While Singapore and Malaysia breakfast items have economy fried noodles, Hong Kong has this very humble soya sauce fried noodles. It is very humble as the flavour of the noodles is purely from soya sauce and you can easily get it in hawker centre or breakfast stores.
Having said that, this noodle is one of the iconic representative of Hong Kong breakfast cuisines and you can easily Google many write up of this noodles in Hong Kong publications.
“豉油皇炒麵是香港的一種炒麵，常見於香港的酒樓、茶餐廳、大排檔和粥店。豉油皇炒麵所需的食材簡單，做法簡易，主要以豉油作為調味。一般做法是先爆香乾葱，加入生抽、老抽、鹽、糖、麻油、雞粉和水成「豉油皇」，幼麵下鑊用豉油皇炒，再加入韭菜、銀芽，炒勻即成。因為香港的豉油皇炒麵通常只會加入韭菜、芽菜或其他切絲的蔬菜，並不會加入肉類，所以可作為一道素菜。” (Source: https://zh.wikipedia.org/wiki/%E8%B1%89%E6%B2%B9%E7%9A%87%E7%82%92%E9%BA%B5)
I am rather familiar with this noodle dish but I do not have a chance to try the authentic version in Hong Kong but this noodles appeared in many Chinese hotels as breakfast items. That is how I get to know this humble noodle as it is always one of the buffet items in the hotels when I am staying long term in China.
I do not think there are much difference with our economy fried noodles except the noodles itself. While most local Malaysian and Singaporean stores are using fresh thick yellow noodles, but Hong Kong version is using wanton mee look alike yellowish thin, alkaline noodles. What it yields is a plate of more springy fried noodles.
I have been holding on this recipe because I am trying to locate the right noodle for the dish. I have a hard time to find the 生面皇 or the thin yellow noodles. Yesterday when I was at Giant, Singapore, I stumbled a close alternative this noodle, the scallop noodles. This is a Hong Kong brand and when I looked at the noodles, it looks like what most recipe has called for. I bought this rather costly dried noodles and prepare the noodles for dinner.
Well, I found that the noodles are rather costly and I don’t rule out that these two fresh Hong Kong Style noodles sold in Singapore supermarket are good alternatives. i have never tried but after I cooked the dried noodles, it is rather similar to those freshly prepared type. Therefore, readers can consider the noodles suggested above.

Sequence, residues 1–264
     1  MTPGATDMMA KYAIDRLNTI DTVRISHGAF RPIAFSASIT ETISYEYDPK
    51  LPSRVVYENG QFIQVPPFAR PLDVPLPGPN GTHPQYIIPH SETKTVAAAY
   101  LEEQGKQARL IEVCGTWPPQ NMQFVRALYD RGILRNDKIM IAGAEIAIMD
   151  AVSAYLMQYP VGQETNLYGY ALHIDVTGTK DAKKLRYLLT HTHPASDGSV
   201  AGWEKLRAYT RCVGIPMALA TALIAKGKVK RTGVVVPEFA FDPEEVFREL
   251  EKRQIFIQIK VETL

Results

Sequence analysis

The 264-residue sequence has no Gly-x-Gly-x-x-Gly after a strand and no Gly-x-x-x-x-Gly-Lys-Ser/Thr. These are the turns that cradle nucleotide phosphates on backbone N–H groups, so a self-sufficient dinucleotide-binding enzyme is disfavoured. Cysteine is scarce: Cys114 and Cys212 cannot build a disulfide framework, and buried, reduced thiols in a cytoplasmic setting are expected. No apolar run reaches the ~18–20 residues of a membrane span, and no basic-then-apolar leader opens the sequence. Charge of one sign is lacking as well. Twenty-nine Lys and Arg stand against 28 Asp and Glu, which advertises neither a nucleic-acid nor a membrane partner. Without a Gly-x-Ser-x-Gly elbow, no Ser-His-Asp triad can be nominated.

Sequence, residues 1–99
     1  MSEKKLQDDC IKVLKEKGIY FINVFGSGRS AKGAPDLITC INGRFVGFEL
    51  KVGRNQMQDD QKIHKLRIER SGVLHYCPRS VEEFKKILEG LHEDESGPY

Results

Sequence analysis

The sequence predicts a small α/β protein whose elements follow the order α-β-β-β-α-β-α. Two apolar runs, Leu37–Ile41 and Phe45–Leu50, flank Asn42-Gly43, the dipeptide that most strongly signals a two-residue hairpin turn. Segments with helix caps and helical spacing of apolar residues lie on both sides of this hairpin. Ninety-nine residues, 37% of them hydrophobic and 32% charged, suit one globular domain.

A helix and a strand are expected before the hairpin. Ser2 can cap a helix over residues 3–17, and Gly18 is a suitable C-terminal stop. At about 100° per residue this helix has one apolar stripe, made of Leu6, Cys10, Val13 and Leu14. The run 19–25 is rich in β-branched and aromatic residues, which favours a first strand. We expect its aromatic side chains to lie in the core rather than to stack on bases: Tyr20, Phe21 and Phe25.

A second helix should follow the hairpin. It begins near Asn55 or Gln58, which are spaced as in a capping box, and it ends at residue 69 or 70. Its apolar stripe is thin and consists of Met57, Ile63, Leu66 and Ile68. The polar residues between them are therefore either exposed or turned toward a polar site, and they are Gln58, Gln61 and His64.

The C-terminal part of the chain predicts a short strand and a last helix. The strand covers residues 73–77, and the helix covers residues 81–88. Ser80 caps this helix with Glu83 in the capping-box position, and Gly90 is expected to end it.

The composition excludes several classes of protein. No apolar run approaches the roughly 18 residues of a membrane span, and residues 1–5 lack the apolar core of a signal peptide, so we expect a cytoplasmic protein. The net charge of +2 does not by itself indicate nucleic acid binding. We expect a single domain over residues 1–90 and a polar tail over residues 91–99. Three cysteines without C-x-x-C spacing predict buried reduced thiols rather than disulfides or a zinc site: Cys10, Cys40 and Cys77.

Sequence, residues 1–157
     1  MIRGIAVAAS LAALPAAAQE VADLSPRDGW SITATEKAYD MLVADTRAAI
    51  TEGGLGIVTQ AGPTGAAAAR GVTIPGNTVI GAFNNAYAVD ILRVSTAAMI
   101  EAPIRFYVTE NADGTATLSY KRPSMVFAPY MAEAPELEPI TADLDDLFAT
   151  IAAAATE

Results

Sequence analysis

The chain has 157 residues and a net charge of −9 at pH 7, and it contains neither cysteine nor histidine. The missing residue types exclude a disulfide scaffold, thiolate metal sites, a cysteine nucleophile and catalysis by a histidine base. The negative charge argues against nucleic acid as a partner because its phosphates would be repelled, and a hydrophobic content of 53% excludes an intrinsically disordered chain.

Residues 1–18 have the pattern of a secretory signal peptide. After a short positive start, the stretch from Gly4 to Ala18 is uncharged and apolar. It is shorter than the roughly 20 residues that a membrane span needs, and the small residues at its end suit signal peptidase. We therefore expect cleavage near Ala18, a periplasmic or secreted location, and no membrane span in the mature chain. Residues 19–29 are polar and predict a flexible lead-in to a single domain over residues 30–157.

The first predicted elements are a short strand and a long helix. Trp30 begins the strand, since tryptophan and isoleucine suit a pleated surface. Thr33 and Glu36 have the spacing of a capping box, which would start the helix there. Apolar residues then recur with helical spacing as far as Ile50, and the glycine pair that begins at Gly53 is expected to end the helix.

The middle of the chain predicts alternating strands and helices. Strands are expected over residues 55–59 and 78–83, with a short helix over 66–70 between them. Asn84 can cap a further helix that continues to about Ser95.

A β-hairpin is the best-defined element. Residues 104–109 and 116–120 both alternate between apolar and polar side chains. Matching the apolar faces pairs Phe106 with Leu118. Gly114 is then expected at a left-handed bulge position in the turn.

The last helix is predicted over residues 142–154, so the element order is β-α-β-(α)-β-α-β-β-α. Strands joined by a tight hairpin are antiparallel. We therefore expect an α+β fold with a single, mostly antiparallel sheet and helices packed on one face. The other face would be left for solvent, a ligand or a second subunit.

WHAT IS REQUIRED
Servings: 3-4 adult servings
- 200 grams of dried Hong Kong Noodles (see above for alternatives)
- 100 grams of bean sprout (to make it authentic must take off head and tail)
- 100 grams of chives or yellow chives (cut into small chunks)
- 1 tablespoon of white or brown sugar
- 2 tablespoons of dark soya sauce
- 1 tablespoon of light soya sauce
- 2 tablespoons of oyster sauce
- 1 teaspoon of sesame oil
- Pinches of salt
STEPS OF PREPARATION
- Clean the chives and cut the white colour part into small chunks and the the end area larger chunks. Separate the white colour and green colour chives.
- Bring a pot of water to boil, add 1 tablespoon of cooking oil, add the noodles and let it simmer until the noodles are soft . For this brand of noodle, it took about 4 minutes to become soft. It is advisable that you follow the noodle packaging instruction. Every package of noodles will have the instruction on how to cook the noodle.
- Once the noodles are soft, drain the noodle and put under the tap water to let it rinse for about 1 minute such that the noodle will not stick together. Drain again and set aside. The step of rinsing with cold water is very important, otherwise, your noodles will stick become one ball and you will have difficulty to stir fry.
- In a wok, put 3 tablespoons of cooking oil or lard, sauté the white part of the chives until fragrant. Add the noodles, use a pair of chopstick to stir fry the noodles for 2-3 minutes. Add the dark soya sauce, oyster sauce, light soya sauce and sugar, stir fry until well combined. Add the beansprouts and green colour part of the chives. Stir fry for 1-2 minutes until the chives are soft. High heat shall be used for the entire stir frying process. It is advisable not to add any water while stir frying as it will reduce the springiness of the noodle.
The dish is simple and the attractiveness of this dish is its soya sauce aroma . In Hong Kong, it was translated as Supreme soya sauce fried noodles, therefore, use your favourite aromatic soya sauce that is in your kitchen. To make it more authentic, traditionally, the bean sprout shall not have the bean and tails part attached to it but I will leave it to the readers to decide if you are going to throw away the head and tail part. Yellow chive should be a better alternative than the green chives as in this illustration.
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